Les Piggot was an outstanding Scottish sprinter who in a long career enjoyed an impressive CV of competing in major championships – two Olympic Games, two European Championships and two Commonwealth Games. In the latter he was the only British athlete to reach the final in the 100m on both occasions.
He represented Great Britain more than 50 times, making his debut in 1965, and was team captain in the early 1970s. In addition, he represented Scotland in 13 internationals (excluding Commonwealth Games) over a ten-year period, during which he claimed nine first finishes, including relays. He also set several Scottish and British records, his most notable equalling the UK All Comers 100m record in 1974. Domestically, he was consistently successful in Scottish Championships, claiming 14 medals in both sprint events between 1964 and ’76, his final win in the 100m coming in ‘76 when, aged 34, he defeated future Olympic champion Allan Wells, while at British level he won 5 medals, including indoors sprints.
Although prolifically successful in top level athletics, Les also competed regularly at grassroots level in handicap races at Highland Games throughout Scotland, often seen puffing on a trademark cigarette between races. The current era of elitism and specialisation would not countenance combining international and club level athletics but Les simply loved sprinting and competing. As a complete amateur, he and family made considerable sacrifices both in terms of time and economically to fulfil his talent.
Leslie Macdonald Piggot was born to parents John and Jean in Rutherglen where he was brought up with brothers Arthur, Douglas and Malcolm. He attended Cardonald primary school before the family moved to Blackpool for several years through his father’s employment as a master baker. As a result Les was between two education systems and on the family’s return to Glasgow attended Gallowflat Junior Secondary, where his practical abilities shone.
On leaving school aged 15 his first job was as a mailboy with the Coal Board, prior to moving to Colville’s Steelworks in Motherwell where he began a career in sales. While there he was sent on an outward bound course to Moray Sea School at Burghhead where demanding Cairngorm treks and a sea crossing to Norway in tempestuous conditions were formative experiences.
As a youngster Les had shown promise as a sprinter but his initial sporting enthusiasm was rugby, which he played on the wing for Cambuslang. Despite a serious car accident in his late teens when he broke his neck, which required four months hospital treatment in traction and thereafter wearing a neck brace for six months, he resumed playing rugby. Unsurprisingly his speed caused opponents serious problems, some of whom resorted to “robust” tactics to stop Les. The stage was reached in the early 1960s where he responded in kind, leading to a period of suspension when he could not play.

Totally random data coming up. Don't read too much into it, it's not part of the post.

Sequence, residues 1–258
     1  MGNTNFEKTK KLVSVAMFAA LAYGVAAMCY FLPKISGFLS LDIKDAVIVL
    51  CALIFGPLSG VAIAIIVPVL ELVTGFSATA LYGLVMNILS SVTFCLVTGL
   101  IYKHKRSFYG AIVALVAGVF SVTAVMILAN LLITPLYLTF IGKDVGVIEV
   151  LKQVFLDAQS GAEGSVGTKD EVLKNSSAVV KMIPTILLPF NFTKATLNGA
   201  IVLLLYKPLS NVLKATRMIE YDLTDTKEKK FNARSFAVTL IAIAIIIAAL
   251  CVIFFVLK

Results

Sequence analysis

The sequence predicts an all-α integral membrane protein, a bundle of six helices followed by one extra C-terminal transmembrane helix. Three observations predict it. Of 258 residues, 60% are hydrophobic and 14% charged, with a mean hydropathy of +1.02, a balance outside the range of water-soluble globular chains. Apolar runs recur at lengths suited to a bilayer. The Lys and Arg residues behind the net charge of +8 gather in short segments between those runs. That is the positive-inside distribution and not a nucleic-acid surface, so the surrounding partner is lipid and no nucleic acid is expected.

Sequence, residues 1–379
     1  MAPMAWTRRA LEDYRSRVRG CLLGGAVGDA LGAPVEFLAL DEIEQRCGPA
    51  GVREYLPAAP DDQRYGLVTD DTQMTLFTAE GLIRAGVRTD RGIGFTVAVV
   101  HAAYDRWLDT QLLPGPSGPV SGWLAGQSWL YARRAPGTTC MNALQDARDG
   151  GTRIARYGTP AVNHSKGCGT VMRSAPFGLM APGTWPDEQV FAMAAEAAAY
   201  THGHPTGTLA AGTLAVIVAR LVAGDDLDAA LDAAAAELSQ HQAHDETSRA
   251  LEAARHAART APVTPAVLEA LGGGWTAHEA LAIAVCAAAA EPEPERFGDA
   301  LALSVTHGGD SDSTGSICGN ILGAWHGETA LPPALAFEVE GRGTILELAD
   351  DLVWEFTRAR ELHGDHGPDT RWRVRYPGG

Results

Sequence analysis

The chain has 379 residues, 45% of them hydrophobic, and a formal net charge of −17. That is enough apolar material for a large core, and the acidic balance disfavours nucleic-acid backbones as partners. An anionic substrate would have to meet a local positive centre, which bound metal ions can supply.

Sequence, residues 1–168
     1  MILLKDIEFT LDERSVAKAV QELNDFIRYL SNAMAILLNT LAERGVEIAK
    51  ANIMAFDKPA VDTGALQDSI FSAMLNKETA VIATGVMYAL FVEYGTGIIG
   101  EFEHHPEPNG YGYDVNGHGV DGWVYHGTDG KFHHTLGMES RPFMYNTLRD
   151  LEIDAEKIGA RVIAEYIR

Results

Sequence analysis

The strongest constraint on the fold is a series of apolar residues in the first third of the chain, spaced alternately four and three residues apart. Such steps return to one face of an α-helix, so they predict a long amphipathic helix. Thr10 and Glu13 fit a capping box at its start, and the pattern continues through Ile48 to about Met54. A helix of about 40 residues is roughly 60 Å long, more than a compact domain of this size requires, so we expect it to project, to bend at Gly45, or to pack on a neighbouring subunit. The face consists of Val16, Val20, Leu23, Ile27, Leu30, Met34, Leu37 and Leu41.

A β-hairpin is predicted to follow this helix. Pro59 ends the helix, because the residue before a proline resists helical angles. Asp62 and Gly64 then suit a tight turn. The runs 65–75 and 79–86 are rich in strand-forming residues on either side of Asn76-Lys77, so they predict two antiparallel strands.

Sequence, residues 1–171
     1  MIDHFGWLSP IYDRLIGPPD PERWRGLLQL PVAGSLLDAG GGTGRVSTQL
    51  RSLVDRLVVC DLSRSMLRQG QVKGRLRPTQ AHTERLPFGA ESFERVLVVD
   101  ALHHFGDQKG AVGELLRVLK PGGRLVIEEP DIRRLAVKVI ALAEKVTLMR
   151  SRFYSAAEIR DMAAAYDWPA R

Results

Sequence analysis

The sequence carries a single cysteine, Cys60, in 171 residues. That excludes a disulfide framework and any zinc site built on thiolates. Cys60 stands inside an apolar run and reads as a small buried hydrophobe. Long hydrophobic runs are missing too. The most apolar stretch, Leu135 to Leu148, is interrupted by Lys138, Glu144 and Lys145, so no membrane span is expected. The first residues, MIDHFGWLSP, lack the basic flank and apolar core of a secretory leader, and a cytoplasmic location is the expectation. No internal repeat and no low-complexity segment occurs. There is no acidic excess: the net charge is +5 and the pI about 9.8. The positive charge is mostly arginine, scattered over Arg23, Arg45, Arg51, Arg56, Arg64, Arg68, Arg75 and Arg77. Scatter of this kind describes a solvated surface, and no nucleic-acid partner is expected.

As a result he began to train for sprinting with Garscube Harriers in Glasgow, initially with guidance from coach Donnie Macdonald. For a period he combined both sports before concentrating on athletics, with wins in the 1962 Rangers Sports and Glasgow Police Sports heralding the start of his career.
Unfortunate not to be selected for the 1964 Tokyo Olympics and the 1966 Commonwealth Games in Jamaica despite having achieved qualifying marks, his first major Games were the1968 Mexico Olympics, where he was a member of the sprint relay squad, which fired his ambition further. He then rattled the amateur establishment by training with professional sprinters under coach Jim Bradley at a time when there was virtual apartheid between amateurs and professionals. His move brought results, with Les reckoning Bradley’s methods improved him by about three yards. A second Olympics followed in 1972 in Munich where he reached the quarter final at 100m and the semi final in the sprint relay.
In the 1970 and 1974 Commonwealth Games in Edinburgh and Christchurch respectively he was 8th and 7th in the 100m finals, in the latter a mere fraction behind the silver medallist while unlucky not to medal in the relays, finishing 4th and 5th respectively. In the 1971 Helsinki European Championships Les anchored the British sprint relay ream to 4th place, in the same time as Italy in 3rd.
At times Les’ relationship with officialdom and the “blazerati” could be uncomfortable, as exemplified by the reaction to his training with professionals and not being selected on occasion when he thought it merited. After signing a letter to The Times in the mid-1970s, along with other leading athletes, criticising lack of support from the governing body, Les’ international career came to an end, although he continued competing well until 1977.
He wed fellow international sprinter Morag Carmichael in 1968 and they enjoyed a happy, fulfilling marriage, living in East Kilbride until her death in 1996. They had one son, also Leslie. Athletics was very much part of family life and weekend competitions would often involve travelling to venues with their caravan and overnight stays. Sailing was another family pursuit, with Les refurbishing a number of boats which they sailed up the west coast, affording visits to their flat in Tighnabruaich while he continued a successful career in sales of plastics and lighting until he became self employed in the 1990s. Later he and friend Joyce Kelly enjoyed a supportive relationship.
Les was a much admired and determined athlete, modest, popular and excellent company with a wicked sense of humour. He was a good, loyal friend to many and is survived by his son, Joyce, and grandchildren James, Louise and Stephen.
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